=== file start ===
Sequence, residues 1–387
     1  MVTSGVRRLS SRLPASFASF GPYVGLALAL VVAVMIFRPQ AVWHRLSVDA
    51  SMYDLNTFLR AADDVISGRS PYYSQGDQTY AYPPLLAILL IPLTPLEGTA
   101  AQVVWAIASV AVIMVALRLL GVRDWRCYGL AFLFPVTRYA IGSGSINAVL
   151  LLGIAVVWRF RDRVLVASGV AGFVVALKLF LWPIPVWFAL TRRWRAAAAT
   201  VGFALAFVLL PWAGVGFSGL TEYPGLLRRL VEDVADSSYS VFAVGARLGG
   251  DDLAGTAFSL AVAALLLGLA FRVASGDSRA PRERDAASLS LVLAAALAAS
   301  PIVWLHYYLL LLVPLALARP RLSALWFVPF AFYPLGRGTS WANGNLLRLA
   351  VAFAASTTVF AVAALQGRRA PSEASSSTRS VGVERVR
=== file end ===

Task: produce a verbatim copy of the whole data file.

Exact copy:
Sequence, residues 1–387
     1  MVTSGVRRLS SRLPASFASF GPYVGLALAL VVAVMIFRPQ AVWHRLSVDA
    51  SMYDLNTFLR AADDVISGRS PYYSQGDQTY AYPPLLAILL IPLTPLEGTA
   101  AQVVWAIASV AVIMVALRLL GVRDWRCYGL AFLFPVTRYA IGSGSINAVL
   151  LLGIAVVWRF RDRVLVASGV AGFVVALKLF LWPIPVWFAL TRRWRAAAAT
   201  VGFALAFVLL PWAGVGFSGL TEYPGLLRRL VEDVADSSYS VFAVGARLGG
   251  DDLAGTAFSL AVAALLLGLA FRVASGDSRA PRERDAASLS LVLAAALAAS
   301  PIVWLHYYLL LLVPLALARP RLSALWFVPF AFYPLGRGTS WANGNLLRLA
   351  VAFAASTTVF AVAALQGRRA PSEASSSTRS VGVERVR